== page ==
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For California eighth graders, taking the United States Constitution test has been a rite of passage since before I was in eighth grade myself and that was more than forty years ago. When I began my teaching career in Illinois (I've been back in California for fifteen years), I discovered that there was an eighth grade Constitution test there, too. I'd like to say there were some standards (small s; teachers reading this know what I'm saying) and consistency to these tests but there weren't.

In the end, time was and is spent grasping at facts ("What fraction was used to count slaves?"), political science ("What is 'limited government'?"), structure ("What are the three branches of the federal government and what is the essential power of each?"), historical debate ("Why did the Antifederalists oppose the Constitution?"), the nature of compromise ("Why is the House of Representatives based on population but the Senate is based on the equality of the States?") and so on. Then a test was and is given. Students find out their scores and spend many minutes with wajjagets. Then everybody moves on.

This year's test is scheduled for this Thursday, November twenty-first.
The hundred fiftieth anniversary of the Gettysburg Address is Tuesday, November ninteenth.

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I began teaching in my school district thirteen years ago and Constitution Test time has always been filled with anxiety because the district, in a moment of wisdom, decided to make "passing the Constitution" a requirement for promotion from eighth grade to ninth grade.

Cue eighth grader: "How many times can we retake the test if we don't pass?"

I tell my students that I refuse to talk about that. I tell them that I want them all to pass the test the one and only one time they take it. I tell them that I will prepare them for the test, right down to telling them what questions are on it and what the answers are to those questions. Bullshit on keeping that information from them and perpetuating some bizarre game of "Gotcha!" between teachers and students over tests.

I think my students...ah, crap, I know my students don't know what to make of me because I mean what I say to them and follow through. I haven't taken the district preparatory materials out of their boxes because I'm going to do things my way. When it comes to United States history and the modern interpretation of things like equality, liberty, justice and freedom, I am a zealot in my classroom. If some stupid test is going to get in the way of their maturing into open-eyed, open-minded voters, then screw the test.

(Hey you; let's pause a moment here. Recite the following in one breath and without the sing-song cadences. Just say it out-loud: I pledge allegiance to the flag of the United States and to the republic for which it stands. One nation, indivisible? Settled and cut the crap about secession. Liberty and justice for all? Work on it, goddam it.)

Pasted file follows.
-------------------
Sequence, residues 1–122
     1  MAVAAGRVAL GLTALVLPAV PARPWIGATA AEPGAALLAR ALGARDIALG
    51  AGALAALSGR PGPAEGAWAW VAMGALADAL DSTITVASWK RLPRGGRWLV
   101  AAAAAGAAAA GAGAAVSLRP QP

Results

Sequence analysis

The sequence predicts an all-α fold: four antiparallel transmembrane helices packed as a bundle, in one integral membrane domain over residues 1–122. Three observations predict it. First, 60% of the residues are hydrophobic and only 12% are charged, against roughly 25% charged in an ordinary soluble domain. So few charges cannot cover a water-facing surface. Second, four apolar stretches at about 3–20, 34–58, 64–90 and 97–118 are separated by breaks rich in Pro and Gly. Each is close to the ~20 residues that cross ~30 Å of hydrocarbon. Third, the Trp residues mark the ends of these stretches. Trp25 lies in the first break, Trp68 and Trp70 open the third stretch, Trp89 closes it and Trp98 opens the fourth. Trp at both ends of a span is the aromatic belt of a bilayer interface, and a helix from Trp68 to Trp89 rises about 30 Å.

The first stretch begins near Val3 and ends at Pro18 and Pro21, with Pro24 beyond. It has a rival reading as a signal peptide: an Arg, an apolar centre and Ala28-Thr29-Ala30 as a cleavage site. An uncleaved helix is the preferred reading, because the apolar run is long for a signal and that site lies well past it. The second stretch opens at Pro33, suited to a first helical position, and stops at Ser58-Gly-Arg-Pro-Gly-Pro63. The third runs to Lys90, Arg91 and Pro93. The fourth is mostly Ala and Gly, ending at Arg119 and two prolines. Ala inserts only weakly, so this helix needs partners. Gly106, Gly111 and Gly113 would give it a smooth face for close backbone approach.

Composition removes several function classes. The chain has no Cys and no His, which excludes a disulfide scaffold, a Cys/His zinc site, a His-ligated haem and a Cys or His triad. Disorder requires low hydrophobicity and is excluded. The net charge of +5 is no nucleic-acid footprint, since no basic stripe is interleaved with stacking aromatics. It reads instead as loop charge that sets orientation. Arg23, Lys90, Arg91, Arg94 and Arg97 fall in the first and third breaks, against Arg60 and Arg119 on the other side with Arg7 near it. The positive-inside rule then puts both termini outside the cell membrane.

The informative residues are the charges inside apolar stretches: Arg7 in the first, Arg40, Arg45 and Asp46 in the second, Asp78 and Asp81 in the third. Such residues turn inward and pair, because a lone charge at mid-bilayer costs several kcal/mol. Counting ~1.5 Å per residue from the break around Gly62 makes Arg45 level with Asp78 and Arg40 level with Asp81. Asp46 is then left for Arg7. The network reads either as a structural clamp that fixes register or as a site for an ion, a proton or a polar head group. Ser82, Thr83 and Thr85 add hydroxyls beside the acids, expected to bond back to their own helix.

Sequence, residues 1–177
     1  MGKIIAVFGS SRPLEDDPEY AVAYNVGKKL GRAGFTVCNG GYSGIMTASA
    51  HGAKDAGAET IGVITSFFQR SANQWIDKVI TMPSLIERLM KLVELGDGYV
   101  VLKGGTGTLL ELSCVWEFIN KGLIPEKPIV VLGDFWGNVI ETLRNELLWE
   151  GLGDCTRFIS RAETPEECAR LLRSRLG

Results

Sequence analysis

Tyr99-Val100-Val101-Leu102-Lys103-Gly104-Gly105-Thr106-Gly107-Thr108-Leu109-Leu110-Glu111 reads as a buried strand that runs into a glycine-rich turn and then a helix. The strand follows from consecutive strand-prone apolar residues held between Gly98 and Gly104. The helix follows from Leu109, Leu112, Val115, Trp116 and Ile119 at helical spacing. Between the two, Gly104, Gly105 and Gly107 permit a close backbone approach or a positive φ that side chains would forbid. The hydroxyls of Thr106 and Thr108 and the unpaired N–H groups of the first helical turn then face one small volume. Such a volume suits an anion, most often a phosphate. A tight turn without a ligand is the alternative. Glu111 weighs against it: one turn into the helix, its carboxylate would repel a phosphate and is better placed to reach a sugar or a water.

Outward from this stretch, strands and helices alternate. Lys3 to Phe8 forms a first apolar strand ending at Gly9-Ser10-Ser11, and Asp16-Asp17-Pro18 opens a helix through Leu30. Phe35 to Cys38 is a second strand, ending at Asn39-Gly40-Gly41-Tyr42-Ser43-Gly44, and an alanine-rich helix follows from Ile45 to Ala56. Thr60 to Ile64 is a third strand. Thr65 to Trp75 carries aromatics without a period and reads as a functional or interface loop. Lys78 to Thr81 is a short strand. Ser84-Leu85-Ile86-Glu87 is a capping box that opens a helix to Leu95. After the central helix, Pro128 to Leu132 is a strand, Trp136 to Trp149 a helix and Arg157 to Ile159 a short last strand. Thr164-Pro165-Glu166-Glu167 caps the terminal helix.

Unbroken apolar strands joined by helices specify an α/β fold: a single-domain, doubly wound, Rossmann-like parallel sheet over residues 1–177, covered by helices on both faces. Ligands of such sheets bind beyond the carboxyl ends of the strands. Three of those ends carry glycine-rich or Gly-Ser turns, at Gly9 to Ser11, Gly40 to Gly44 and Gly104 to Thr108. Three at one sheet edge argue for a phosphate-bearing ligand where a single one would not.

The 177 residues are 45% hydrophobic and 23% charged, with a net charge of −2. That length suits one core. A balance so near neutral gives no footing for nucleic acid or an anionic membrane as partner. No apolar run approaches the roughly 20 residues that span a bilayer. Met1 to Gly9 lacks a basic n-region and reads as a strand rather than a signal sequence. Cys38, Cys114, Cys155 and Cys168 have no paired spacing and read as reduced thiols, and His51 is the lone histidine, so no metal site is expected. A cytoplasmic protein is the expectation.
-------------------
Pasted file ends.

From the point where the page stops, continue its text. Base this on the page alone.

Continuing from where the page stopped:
Anyway, this Tuesday's anniversary of the Gettysburg Address is at an inconvenient time. The kids are stressed, especially the ones who refuse to believe me when I say, "This is on the test," and they bomb their preparatory quizzes because nope, they didn't study, let along study what I told them to study.

Sigh. My FP is trying to decide between now and Tuesday whether I can use that day's class periods to teach about the Address. It's not just about the Constitution test. It's also about how rich in history and meaning the Address is and whether I can do any justice to it in just one day for fifty minutes. Oh, I can and will come back to it in April or May when it's eighth grade Civil War time.

You know, just writing this has clarified an idea that I'm going to follow-up. Tuesday's lesson will be about the phrase "...government of the people, by the people and for the people..." I can use the third sentence of the Declaration of Independence ("That to secure these rights, governments are instituted among men (the people), deriving their just power from the consent of the governed.") and the first three words of the Constitution ("We the people...). I can rant about how government is an expression of ourselves even if we don't trust it, just like our ancestors knew they needed it but didn't trust it because they didn't trust themselves, and that government should serve us by protecting out rights to what sustains us and motivates us, just like the Declaration and the Preamble says it should.

Damn straight. A couple of those things are on the test, too.

Originally posted to algebrateacher on Sat Nov 16, 2013 at 05:00 PM PST.

Also republished by WYFP?.

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